Date of Award


Document Type


Degree Name

Master of Science (MS)



First Advisor

P. J. Gerla


During the last three decades, there has been much research on ground water/surface water interaction and hyporheic zone processes in natural rivers and streams. Research into natural systems has revealed significant ground water/surface water interaction and a complex variability that depends primarily on surface conditions, subsurface composition, and seasonal influences. Hyporheic zone interaction is an important factor contributing to water quality of both surface water and ground water systems.

This research expands on the concept of using heat transport, as revealed by temperature variation, as an analogue for water movement within a surface water/ground water system to include the man-made drainage ditch environment. The goal of this research is to use vertical temperature profiles as a means to identify locations along the drainage ditch where surface water/ground water exchange takes place within the hyporheic zone. To achieve this, an array of temperature data loggers was installed in a reach of Judicial Ditch #66 (JD66), within The Nature Conservancy's Glacial Ridge Project, a large-scale prairie/wetland restoration, approximately 24 km (15 miles) east of Crookston, Minnesota.

To characterize the hyporheic zone along the ditch, statistical analyses were conducted on the temperature data collected during the study. The two statistical tests used include a one-way analysis of variance (ANOVA) and a Tukey's test. The trajectory of ground water/surface water interaction, in-flow or out-flow of water from the channel, can be determined by comparing the results from a set of these statistical analyses. The resulting groups generated by Tukey's tests were reviewed for anomalous results. Locations that fall within an anomalous group suggest the occurrence of surface water-ground water exchange at that point along the ditch. By reviewing the characteristics of the anomaly, the direction of water exchange across the hyporheic zone can be inferred.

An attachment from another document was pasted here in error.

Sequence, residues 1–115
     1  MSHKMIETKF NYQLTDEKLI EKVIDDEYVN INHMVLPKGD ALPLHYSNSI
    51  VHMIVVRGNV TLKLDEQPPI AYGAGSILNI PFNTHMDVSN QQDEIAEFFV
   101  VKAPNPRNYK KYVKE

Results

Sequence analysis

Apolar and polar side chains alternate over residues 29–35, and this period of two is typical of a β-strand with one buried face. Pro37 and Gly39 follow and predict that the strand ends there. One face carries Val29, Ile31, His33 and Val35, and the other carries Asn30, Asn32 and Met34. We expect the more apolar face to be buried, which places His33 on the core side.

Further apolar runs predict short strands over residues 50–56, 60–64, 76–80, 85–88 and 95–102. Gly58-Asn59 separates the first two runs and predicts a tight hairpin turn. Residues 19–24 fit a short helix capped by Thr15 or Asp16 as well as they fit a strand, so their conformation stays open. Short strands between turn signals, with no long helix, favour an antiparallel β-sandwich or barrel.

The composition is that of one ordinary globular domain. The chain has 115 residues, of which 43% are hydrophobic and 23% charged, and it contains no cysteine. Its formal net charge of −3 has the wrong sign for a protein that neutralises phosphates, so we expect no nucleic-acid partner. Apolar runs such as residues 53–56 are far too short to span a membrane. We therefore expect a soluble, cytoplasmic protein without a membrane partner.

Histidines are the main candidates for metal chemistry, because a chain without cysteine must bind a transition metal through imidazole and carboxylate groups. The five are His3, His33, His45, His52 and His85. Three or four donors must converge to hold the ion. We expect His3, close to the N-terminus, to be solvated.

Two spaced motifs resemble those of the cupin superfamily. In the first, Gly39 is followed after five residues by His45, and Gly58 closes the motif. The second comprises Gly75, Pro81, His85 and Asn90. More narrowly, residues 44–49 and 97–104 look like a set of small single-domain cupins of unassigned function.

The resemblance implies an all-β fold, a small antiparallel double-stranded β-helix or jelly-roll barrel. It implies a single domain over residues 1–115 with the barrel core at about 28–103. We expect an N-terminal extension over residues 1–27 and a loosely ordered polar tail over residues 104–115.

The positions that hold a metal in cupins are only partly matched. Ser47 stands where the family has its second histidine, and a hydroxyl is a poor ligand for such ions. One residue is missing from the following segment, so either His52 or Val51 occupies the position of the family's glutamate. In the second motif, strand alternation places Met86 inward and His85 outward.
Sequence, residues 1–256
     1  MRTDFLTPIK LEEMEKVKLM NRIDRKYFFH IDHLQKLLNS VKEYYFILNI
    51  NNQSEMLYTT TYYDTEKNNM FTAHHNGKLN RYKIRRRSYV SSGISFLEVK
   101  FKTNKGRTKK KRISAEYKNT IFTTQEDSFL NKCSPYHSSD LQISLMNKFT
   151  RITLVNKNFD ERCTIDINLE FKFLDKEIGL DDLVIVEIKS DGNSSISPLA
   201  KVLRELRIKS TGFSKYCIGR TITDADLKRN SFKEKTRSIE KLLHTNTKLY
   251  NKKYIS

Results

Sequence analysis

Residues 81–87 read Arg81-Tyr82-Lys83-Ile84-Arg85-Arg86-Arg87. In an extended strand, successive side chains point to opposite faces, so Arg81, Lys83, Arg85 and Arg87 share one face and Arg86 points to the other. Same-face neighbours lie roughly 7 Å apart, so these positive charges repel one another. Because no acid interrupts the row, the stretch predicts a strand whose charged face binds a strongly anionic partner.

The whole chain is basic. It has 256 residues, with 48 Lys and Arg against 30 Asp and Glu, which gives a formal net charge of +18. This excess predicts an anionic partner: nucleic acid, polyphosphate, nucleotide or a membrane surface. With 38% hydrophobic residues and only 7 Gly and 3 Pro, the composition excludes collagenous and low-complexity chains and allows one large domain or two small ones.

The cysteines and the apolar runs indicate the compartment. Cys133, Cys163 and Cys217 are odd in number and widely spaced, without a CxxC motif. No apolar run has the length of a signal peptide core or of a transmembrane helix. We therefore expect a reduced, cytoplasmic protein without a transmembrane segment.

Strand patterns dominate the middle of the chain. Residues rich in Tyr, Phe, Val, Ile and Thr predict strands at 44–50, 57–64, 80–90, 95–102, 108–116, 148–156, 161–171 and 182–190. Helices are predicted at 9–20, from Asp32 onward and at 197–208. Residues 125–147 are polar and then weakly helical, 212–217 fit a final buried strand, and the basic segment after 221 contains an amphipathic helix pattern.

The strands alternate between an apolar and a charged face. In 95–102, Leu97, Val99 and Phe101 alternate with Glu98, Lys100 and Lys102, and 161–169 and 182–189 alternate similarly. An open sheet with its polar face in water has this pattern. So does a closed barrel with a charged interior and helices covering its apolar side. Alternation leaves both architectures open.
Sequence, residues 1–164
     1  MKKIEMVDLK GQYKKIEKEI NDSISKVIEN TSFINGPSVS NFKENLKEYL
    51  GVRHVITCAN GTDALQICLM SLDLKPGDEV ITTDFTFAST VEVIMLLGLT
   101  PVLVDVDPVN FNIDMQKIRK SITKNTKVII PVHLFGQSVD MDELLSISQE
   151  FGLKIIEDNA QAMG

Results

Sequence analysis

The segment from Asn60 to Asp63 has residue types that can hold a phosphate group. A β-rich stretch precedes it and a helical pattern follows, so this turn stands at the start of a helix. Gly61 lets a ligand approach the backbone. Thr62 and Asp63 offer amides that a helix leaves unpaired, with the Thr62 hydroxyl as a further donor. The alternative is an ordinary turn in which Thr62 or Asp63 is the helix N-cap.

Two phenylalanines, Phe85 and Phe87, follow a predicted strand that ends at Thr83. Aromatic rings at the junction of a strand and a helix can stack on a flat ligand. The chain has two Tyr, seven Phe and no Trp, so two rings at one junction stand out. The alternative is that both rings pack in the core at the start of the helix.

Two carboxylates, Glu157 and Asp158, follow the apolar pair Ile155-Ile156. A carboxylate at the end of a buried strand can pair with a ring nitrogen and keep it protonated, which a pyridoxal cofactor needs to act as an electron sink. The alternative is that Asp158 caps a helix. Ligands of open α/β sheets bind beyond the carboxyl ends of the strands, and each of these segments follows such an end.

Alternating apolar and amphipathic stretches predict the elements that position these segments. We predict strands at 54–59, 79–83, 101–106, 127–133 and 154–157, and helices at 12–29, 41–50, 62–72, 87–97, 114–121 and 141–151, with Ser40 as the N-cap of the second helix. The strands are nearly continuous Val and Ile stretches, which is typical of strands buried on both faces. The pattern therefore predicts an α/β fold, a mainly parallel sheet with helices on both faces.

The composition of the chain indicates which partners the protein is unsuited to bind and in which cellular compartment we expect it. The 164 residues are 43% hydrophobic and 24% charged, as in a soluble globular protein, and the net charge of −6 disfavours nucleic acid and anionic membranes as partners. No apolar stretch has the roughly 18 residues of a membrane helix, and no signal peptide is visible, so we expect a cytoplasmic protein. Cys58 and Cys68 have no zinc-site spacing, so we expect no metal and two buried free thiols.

The methodology developed during this project may best be applied to processing large data sets generated from data logger instrumentation. The resulting analyses indicate the directionality of hyporheic exchange, if it is occurring at an instrumented location. Because of its ease and low cost, the methodology developed might best be used as a reconnaissance tool to identify areas along a ditch or stream reach for further instrumentation and research.

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